According to the Wilshire Associates 2003 Corporate Funding Survey on Pensions, defined benefit pension assets for S&P 500 companies dropped $106 billion to $892 billion while liabilities increased $105 billion to $1.07 trillion. In addition, nearly nine out of 10, or 89%, of corporate pension plans are now underfunded. The aggregate funding ratio for all plans fell to 83% last year from 104% the year before while the plans dropped to a $177-billion deficit in 2002 from a $34 billion surplus.
The survey found that the median investment return in 2002 was negative 9%, causing pension assets to fall. In addition, declining interest rates forced companies to increase the value of their pension liabilities. The median discount rate used to value liabilities dropped to 6.75% from 7.25%, which led to an additional 6% increase in reported pension liabilities. In total, liabilities increased 11% for the year, according to the study.
Only 36 of the 320 corporations studied, or 11%, have pension assets that equal or exceed liabilities. That is down sharply from years 2001 and 2000 when 36% and 71%, respectively, of corporations had pension assets at or above liabilities.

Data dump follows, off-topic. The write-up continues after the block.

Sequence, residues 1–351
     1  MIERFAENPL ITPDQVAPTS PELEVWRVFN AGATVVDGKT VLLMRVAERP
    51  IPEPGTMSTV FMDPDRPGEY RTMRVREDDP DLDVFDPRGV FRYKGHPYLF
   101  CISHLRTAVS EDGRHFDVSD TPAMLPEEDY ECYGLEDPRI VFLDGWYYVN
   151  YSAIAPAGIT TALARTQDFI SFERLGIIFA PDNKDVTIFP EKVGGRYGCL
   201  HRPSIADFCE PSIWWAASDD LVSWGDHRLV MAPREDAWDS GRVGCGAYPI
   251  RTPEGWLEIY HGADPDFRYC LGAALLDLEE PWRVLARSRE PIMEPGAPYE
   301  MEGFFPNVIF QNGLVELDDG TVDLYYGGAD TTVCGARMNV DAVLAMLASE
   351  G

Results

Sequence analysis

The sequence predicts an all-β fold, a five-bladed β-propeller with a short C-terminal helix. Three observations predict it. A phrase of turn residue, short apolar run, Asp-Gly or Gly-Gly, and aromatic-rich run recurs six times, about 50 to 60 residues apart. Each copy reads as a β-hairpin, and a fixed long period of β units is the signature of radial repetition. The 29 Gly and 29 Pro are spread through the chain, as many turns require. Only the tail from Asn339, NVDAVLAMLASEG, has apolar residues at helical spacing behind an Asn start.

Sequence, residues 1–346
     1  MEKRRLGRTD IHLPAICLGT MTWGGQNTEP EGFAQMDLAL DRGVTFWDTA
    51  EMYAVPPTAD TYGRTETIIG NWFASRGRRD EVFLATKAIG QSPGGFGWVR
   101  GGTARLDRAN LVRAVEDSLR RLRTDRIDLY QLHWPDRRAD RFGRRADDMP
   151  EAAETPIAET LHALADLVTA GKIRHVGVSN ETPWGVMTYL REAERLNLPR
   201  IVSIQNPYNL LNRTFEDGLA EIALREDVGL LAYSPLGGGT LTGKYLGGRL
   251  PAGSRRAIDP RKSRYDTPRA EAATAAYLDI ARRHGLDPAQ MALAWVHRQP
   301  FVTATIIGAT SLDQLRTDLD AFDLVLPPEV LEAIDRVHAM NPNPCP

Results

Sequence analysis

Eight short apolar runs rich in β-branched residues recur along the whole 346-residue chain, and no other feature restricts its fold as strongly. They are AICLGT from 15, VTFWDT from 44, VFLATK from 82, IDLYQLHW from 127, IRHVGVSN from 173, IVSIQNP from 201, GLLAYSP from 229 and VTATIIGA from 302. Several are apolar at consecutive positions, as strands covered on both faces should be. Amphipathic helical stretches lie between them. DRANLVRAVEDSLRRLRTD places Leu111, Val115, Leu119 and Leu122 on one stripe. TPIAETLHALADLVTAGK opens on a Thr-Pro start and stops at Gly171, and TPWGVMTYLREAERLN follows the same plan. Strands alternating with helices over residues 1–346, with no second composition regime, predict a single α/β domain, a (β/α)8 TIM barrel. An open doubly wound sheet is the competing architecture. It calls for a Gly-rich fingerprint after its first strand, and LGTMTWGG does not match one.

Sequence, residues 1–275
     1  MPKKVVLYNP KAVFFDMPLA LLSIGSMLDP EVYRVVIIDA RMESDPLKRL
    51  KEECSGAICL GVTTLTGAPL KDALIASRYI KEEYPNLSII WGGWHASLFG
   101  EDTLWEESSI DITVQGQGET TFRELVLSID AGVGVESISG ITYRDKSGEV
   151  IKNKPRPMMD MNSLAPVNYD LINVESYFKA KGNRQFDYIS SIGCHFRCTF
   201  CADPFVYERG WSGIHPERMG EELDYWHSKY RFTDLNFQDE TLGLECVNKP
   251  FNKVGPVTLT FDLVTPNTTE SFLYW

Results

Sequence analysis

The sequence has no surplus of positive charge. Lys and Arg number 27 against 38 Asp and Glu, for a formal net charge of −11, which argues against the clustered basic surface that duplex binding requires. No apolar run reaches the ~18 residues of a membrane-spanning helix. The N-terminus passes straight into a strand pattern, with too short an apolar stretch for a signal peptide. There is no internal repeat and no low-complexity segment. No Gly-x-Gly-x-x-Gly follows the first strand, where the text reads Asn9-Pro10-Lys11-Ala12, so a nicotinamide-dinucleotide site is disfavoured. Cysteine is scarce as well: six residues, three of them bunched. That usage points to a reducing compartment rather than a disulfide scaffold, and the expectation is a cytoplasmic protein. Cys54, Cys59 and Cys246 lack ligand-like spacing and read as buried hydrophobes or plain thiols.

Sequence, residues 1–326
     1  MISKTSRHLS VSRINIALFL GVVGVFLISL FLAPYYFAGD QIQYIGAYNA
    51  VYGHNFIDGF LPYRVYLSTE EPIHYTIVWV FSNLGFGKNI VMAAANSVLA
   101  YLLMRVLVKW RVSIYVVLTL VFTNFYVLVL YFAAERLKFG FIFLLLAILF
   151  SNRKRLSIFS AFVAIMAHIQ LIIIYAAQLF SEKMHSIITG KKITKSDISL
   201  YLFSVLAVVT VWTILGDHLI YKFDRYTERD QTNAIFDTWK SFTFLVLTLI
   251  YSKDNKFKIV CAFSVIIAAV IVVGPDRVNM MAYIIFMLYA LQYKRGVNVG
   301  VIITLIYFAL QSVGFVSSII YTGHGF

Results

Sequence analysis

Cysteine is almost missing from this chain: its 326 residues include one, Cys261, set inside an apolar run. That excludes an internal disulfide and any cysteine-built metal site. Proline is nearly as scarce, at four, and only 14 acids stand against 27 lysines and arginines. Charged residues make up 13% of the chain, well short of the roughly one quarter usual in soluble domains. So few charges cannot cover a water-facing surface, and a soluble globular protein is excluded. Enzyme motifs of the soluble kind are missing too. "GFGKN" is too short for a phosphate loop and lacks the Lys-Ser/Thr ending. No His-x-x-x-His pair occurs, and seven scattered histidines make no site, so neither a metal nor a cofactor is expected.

Contributions by S&P 500 companies into their defined benefit plans increased almost fourfold to $41 billion in 2002 from $12 billion in 2001. “…Now, more and more companies are facing the reality that significant corporate resources might have to be diverted to pay for defined benefit plans,” said Stephen Nesbitt, a Wilshire managing director and author of the study.
Many in the pension industry have complained that studies such as those done by Wilshire of both government and private pensions (See Wilshire: Public Pension Landscape Still Bleak ) don’t adequately take into account that pension funding is designed to be viewed over the long term with much of their liabilities not becoming due for many years (See State Pension Group: Wilshire Research ‘Alarmist’ ).